Because this road is so tough, I often hear clients say, "Why me? Why did this have to happen to me? Why has my life been turned upside down by this creep who had no right to do this to me?" And it is unfair. But the law has been transformed by the many women who have bravely stepped up and paved the way for the rest of us. That is what Anita did.
This post is adapted from I Still Believe Anita Hill: Three Generations Discuss the Legacies of Speaking Truth to Power.
Kathleen Peratis, The Forward, July 24, 2008. A brief discussion of who transgender people are, and the differences between transgender and gay people.
You have to hand it to Rep. Barney Frank, the man knows how to empathize. In the first-ever congressional hearing on workplace discrimination against transgender people, held by the House in late June in an Education and Labor subcommittee, Frank said he understands what it means to be trapped in the wrong body — because that is what happens when his legislation gets bogged down over in the Senate.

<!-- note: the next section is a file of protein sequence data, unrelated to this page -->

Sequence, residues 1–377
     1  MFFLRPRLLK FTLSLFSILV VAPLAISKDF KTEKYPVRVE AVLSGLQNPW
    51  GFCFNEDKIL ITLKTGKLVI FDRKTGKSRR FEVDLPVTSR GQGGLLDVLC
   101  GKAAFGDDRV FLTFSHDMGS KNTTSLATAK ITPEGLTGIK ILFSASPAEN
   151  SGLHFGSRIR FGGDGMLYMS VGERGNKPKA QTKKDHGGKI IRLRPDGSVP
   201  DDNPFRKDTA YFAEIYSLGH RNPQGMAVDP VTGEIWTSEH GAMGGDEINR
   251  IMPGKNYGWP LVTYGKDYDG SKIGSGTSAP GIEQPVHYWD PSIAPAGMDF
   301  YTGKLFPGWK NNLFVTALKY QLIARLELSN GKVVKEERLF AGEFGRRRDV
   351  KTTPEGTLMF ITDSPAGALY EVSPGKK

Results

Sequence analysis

The lesbian, gay, bisexual and transgender — or LGBT, for short — press called the congressional hearing on gender identity discrimination “historic” and “groundbreaking.” The mainstream media pretty much ignored it, but the issue is worth keeping an eye on.
Anne Golden and Piper Hoffman, The Employee Advocate, Spring/Summer 2006
Our Kids And The Workplace
A brief discussion of teens and sexual harassment in the workplace, by employment lawyer Kathleen Peratis, The Forward, December 31, 2004.